Serena Williams and Andy Murray cap off their successful summers — The Friday Five

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By Maud Watson

Great Scot!

He had to wait an extra day for it, but on Monday night, Andy Murray got the monkey off his back and did what no other British man had done since Fred Perry back in 1936 – he won a major singles title. A lot of things went right for the Scot that fortnight. Nadal withdrew, Berdych took care of Federer, he got one more day’s rest than Djokovic, but most importantly of all, his game was firing on all cylinders. This was particularly important in the latter rounds of the tournament as the blustery winds made for tricky conditions. He handled those conditions better than Berdych, and he certainly coped better than Djokovic in the championship match. After a finals appearance at Wimbledon and gold-winning performance in the Olympics, Murray’s victory in New York made for the perfect way to cap off his summer. His US Open run puts him at No. 3 in the rankings, firmly cementing his place in what can now truly be called “The Big Four.”

Serena Williams posing in Central Park after her US Open win

Keep on Rolling

The “Summer of Serena” reached what many felt was its inevitable conclusion when she won the 2012 US Open. As she did at the Olympics, Serena steamrolled the competition up until the final where she ran into current No. 1 Victoria Azarenka. After the first set, it appeared that the American would continue her domination, however, the Belarusian found her game while Serena’s started to go awry. But as she has so often done in the past, Serena hung around to force her opponent to beat her, and in the end, a combination of Serena’s winners and Azarenka’s errors saw her come back to claim her fifteenth major singles title. It’s up in the air whether or not she’ll go for No. 1 to end her year, but if Serena continues to stay motivated, it’s going to be a tall order to knock her out of any event next season.

Also Deserving

They both came up short in Flushing, but applause should be awarded to the singles finalists at this year’s US Open. Though it had to hurt given how poorly she played the game when serving for the championship, Azarenka has much to be proud of. She fought through two tight three-setters against both Stosur and Sharapova before bowing out to Serena, and she showed her tenacity, as well as the all-court game she’s continuing to develop. She’s had a great season, and it would be surprising if she didn’t add to that in 2013. As for Djokovic, after 2011, 2012 was bound to be a letdown. But let’s not forget that he did win a major down in Australia, reached the finals of Roland Garros in addition to his US Open run, and it was a good effort by him to push Murray to five in the final. He’ll need to work on his attitude and game to better adjust to tricky conditions, like wind, but expect him to have a great next year. Congrats are also in order for the Bryan Brothers for setting an Open Era record of 12 majors with their win in New York, as well as the Italian duo of Errani and Vinci, who grabbed their second major doubles title of 2012.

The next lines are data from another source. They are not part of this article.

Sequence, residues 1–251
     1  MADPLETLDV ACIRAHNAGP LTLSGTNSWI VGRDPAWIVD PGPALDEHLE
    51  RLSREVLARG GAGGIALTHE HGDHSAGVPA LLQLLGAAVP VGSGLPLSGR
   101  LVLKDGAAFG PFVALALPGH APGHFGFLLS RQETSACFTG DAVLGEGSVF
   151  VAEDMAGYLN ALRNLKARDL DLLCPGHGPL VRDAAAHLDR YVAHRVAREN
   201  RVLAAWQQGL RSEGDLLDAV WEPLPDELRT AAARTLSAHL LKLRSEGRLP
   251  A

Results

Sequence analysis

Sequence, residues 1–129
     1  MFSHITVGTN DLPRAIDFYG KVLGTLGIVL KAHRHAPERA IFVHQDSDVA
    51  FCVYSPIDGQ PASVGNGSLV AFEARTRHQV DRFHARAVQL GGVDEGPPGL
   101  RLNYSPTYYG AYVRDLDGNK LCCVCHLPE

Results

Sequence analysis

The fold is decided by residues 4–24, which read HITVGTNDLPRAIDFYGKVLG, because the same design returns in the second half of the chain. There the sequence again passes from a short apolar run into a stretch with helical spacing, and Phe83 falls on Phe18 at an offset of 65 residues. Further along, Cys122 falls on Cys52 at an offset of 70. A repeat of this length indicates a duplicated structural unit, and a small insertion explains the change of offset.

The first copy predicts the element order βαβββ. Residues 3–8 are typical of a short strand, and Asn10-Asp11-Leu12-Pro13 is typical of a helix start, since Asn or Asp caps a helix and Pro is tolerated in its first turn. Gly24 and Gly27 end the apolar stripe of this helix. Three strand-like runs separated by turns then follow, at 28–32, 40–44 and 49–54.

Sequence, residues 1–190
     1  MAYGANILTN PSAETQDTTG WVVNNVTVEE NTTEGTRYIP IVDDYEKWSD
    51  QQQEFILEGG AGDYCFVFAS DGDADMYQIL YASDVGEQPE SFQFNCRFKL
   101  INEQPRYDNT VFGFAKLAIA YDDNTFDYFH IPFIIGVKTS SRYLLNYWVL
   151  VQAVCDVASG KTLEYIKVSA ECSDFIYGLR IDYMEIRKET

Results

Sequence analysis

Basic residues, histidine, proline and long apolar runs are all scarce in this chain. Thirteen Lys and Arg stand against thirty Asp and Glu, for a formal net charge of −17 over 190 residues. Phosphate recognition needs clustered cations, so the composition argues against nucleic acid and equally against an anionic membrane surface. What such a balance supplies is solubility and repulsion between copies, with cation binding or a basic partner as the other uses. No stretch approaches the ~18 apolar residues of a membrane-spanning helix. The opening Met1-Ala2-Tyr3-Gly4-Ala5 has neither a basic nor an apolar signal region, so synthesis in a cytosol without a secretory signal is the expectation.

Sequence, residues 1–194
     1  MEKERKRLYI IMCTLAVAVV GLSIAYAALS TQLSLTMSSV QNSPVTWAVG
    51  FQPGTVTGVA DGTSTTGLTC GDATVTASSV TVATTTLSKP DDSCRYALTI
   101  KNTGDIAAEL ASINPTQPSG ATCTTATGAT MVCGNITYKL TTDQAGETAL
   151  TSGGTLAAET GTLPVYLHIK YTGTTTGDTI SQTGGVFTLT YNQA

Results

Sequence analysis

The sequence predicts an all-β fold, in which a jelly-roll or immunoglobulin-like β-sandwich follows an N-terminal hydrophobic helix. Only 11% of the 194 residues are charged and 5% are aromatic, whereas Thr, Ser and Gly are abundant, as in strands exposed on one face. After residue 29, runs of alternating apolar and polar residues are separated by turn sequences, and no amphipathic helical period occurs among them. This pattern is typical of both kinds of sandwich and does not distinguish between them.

Time Change

The ATP Board of Directors is doing a three-month trial of no-let serving at the Challenger level, but the bigger news story is their plan to implement a new penalty structure for time violations at the most elite level of the game next season. Under the new system, players who take longer than the allotted 25 seconds will first be given a warning. Any further violations over the course of a match will result in a fault call if the player is the server and a point penalty if the player is the returner. As most time violations in men’s tennis tend to be committed by the server, presumably the change to call a fault rather than a point penalty is designed to encourage chair umpires to enforce the rule more frequently, knowing that the penalty isn’t as stiff or as likely to result in an outright break of serve. It’s good to see the ATP attempting to respond to a growing issue, but when it really counts, hopefully the officials will enforce this altered rule, irrespective of the rank of the violator.

Another Good-Bye

Professional tennis lost Kim Clijsters and Andy Roddick during the US Open, and it will lose another come the Valencia Open. On Wednesday, 2003 Roland Garros Champion Juan Carlos Ferrero announced he will retire at the conclusion of his home event. Injuries have kept the Spaniard from competing and performing at his best the last few years, so it wasn’t a shock when he stated that his injuries and the inevitable lack of ambition that comes with them led him to his decision. There will be more discussion on the accomplishments of Ferrero when he officially walks away from the game next month, but it’s worth noting how his announcement just further underscores how great the game has been the past decade. Every season sees its share of retirements, but this time feels just a little different with Clijsters, Roddick, and now Ferrero (with Hewitt possibly to follow) hanging up their racquets. They may not have been in the same league as Serena or Federer, but they are all great champions who made the game fun, and they will all be greatly missed.

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